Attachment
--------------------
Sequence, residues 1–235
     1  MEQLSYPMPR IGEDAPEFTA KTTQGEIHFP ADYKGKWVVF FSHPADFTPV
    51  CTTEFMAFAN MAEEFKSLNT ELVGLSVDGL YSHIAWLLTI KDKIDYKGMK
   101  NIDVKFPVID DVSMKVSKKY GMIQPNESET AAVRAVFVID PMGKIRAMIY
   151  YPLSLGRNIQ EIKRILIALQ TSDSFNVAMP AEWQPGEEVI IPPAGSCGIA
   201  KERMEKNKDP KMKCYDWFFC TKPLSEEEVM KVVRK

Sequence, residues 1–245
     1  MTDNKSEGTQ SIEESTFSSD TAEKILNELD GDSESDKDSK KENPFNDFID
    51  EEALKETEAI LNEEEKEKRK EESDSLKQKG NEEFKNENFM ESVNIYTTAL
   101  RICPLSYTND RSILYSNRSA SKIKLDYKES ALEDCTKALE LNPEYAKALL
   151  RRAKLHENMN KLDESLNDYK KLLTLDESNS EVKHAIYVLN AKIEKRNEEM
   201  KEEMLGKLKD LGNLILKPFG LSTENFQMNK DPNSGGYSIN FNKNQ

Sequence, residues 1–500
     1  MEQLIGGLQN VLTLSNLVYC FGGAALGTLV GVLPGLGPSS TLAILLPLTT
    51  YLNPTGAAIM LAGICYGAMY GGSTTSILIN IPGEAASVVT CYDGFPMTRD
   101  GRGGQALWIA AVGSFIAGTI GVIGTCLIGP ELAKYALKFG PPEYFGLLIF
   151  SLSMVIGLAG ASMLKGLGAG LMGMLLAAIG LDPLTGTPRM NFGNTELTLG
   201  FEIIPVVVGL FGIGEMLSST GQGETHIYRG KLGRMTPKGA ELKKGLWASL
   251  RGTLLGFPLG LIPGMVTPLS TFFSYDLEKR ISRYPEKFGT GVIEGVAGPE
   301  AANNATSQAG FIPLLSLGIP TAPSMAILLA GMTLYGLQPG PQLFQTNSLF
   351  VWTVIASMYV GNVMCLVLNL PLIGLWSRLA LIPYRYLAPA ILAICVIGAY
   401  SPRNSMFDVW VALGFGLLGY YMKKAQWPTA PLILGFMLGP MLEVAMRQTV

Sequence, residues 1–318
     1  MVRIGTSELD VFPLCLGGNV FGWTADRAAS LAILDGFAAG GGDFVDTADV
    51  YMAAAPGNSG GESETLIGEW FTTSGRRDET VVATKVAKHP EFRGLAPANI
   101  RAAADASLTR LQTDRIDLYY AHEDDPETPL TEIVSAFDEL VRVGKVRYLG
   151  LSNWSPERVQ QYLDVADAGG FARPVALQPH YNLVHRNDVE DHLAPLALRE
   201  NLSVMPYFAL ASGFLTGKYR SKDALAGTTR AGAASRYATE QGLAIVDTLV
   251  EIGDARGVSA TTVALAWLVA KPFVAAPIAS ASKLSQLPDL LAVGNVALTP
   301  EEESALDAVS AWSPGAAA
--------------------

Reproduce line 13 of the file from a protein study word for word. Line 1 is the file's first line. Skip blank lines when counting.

Sequence, residues 1–500